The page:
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Keywords

Barriers to care; Blindness; Comprehensive eye care; Eye – Examination; Health education; Older African Americans – Medical care; Vision

Abstract

Objective: Blindness rates among older African Americans are two times higher than for older whites. Our purpose was to understand attitudes about eye care and perceived barriers to care among older African Americans living in rural Alabama and to determine whether an educational program reduced perceived barriers to care. InCHARGE, an eye health education program for older African Americans, promotes eye disease prevention by conveying the personal benefits of annual dilated comprehensive eye care and by teaching strategies to minimize barriers to eye care.

Design and Participants: InCHARGE was presented in five senior centers to 111 individuals. Using a questionnaire before and three months after InCHARGE, we evaluated what impact InCHARGE had on attitudes and knowledge about prevention and strategies for reducing barriers.

Results: Before InCHARGE, 52.3% reported receiving an eye examination in the past year. Almost all indicated that they felt finding, getting to, and communicating with a doctor were not problems yet about one-quarter indicated that the cost of an examination and/or eyeglasses were problems. After InCHARGE the percentage saying that cost was a problem increased to almost half.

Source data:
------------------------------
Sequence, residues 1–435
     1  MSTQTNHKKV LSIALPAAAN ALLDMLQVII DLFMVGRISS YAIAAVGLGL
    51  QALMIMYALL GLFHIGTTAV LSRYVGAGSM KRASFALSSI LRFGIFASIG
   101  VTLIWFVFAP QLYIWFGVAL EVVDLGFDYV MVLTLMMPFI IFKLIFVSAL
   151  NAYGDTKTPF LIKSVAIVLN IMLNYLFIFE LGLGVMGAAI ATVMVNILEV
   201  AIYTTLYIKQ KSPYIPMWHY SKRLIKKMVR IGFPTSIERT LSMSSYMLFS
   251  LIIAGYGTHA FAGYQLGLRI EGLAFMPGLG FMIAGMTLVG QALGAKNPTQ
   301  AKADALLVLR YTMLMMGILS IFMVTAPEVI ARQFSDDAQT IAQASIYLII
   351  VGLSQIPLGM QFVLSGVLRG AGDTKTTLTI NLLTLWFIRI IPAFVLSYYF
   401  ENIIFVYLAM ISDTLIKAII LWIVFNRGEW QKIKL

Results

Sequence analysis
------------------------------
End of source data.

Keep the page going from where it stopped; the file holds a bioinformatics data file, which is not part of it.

Conclusions: Older African Americans in rural Alabama have positive attitudes about comprehensive eye care, yet only about half reported receiving an exam by an eye care provider in the past year. The cost of care is a barrier for many, a problem that was not mitigated by InCHARGE. In order to improve eye health in this population, eye health education initiatives are not enough; economic strategies must be implemented to address the cost barrier.